Jeffrey Zaslow |

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Zaslow, a Wall Street Journal columnist, is probably best known for writing the story that sparked interest in Randy Pausch's now-famous "last lecture." Here he turns a spotlight on 10 Iowa women, a project that grew out of a column on why women, and not men, hold tightly to old friends. Now in their mid-40s, Karla, Jane, Marilyn and company bonded as schoolgirls in college-town Ames. They scattered after high school, but periodic reunions and e-mail have held them together through the joys of marriage and motherhood and, more importantly, the agonies of divorce and death. The ordinariness of these women's lives is both a strength and weakness: Readers will easily identify with them, but the most exceptional aspect of their friendship is its staying power. The Ames girls' collective memory of their past helps them be more genuine in the here and now. As Cathy, now a Hollywood makeup artist, says, "You can tell people where you're from and who you were ... but no one really knows you unless they were there."

by Deirdre Shaw |

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It's a familiar story: Boy meets girl. Girl moves to Los Angeles so boy can chase entertainment career. Boy and girl get hitched; then the stresses of Hollywood unravel the marriage almost as quickly as it began. But just because it's familiar doesn't make the tale any less heart-wrenching. Young and in love, Lacey and Toby immerse themselves in L.A. life, hosting dinner parties for their creative friends. But the couple's relationship falters—and it's Shaw's raw, realistic depiction of the breakup that elevates the novel into something more than a glib, camera-ready meditation on starter marriages. Anyone who's ever had to deal with the death of a relationship (and isn't that pretty much everyone?) will appreciate Shaw's honest, vividly written take.

by Tracy Winn |

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Set in the blue-collar town of Lowell, Mass., as it withers after World War II, these linked tales focus on characters who pursue the forbidden: Along with a self-destructive clan whose wealth derives from the sweatshops, the ensemble includes interlopers and social trespassers of every description. Few find happiness, but fans of literary fiction will savor Winn's powerful debut collection.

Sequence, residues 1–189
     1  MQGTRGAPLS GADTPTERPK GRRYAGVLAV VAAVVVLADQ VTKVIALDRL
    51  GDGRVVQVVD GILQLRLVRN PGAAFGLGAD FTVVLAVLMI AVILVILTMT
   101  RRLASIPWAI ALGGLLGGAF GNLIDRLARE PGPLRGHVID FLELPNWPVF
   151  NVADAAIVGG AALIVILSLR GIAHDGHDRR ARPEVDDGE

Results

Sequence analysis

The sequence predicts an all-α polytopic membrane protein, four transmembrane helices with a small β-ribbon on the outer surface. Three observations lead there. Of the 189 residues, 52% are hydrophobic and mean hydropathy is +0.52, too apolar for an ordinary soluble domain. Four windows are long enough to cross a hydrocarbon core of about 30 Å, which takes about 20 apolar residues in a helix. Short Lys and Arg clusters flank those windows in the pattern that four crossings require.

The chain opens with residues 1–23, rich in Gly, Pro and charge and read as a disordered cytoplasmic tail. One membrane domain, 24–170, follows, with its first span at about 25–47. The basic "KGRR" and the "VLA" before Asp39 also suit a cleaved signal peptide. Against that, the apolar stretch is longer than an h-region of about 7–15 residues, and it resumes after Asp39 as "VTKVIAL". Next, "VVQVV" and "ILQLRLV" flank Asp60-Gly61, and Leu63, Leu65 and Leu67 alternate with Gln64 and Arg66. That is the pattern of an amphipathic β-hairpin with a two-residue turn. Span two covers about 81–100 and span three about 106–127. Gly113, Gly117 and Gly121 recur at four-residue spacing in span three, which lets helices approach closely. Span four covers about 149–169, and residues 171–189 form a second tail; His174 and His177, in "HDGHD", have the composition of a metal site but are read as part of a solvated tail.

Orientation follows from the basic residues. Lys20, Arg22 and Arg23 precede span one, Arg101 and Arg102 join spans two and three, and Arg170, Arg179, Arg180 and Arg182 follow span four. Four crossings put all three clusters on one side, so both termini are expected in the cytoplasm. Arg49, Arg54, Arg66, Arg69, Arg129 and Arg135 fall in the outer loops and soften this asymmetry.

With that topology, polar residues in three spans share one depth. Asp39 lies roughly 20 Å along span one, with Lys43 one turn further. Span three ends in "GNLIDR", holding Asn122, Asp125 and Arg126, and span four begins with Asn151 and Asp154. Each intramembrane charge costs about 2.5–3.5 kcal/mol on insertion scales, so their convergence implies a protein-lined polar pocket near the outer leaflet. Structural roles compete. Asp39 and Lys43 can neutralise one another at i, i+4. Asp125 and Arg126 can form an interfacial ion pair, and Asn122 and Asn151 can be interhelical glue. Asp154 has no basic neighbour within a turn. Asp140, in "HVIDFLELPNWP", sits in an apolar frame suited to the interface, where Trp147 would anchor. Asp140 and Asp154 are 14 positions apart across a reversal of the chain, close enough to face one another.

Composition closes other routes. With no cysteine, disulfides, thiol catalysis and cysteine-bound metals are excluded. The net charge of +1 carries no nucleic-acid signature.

>Snapping up an organic-cotton T-shirt seems Earth-friendly, but what if the fabric contains dye that's an eco-nightmare? In his new book, Daniel Goleman explains how we can all buy smarter:

WHAT IS ECOLOGICAL INTELLIGENCE? It's knowing that when we shop, we can now compare the things we buy based on their impacts on the environment, health and the people who made them.

HOW DOES THAT AFFECT MY LIFE? One example: If you want to buy wine with the smallest carbon footprint, buy French if you live east of Columbus, Ohio, and buy from California if you live west.

YOU SAY YOUNGER PEOPLE ARE MORE WILLING TO EMBRACE THIS IDEA. The younger you are, the more you will have to live with the environmental and health consequences of decisions made decades before.

>• In her latest book, hungry girl Lisa Lillien has cooked up 200 yummy snack ideas—all under 200 calories. If you're the type who wants "to eat the foods you crave and still fit into your pants," this cookbook's for you. Try one of her favorites:


Ingredients • 2/3 cup light vanilla soy milk, cold • ½ cup fat-free vanilla ice cream • ¼ cup Cap'n Crunch cereal • 2 Tbsp. sugar-free calorie-free vanilla syrup • 1 tsp. Coffee-mate Sugar Free French Vanilla powdered creamer • ¼ tsp. vanilla extract • 2 no-calorie sweetener packets • 4 to 6 ice cubes • Optional topping: Fat Free Reddi-wip

Directions In a small bowl, dissolve powdered creamer in 1 tablespoon warm water. Combine in blender with other ingredients. Pour into a glass. Top off with Reddi-wip.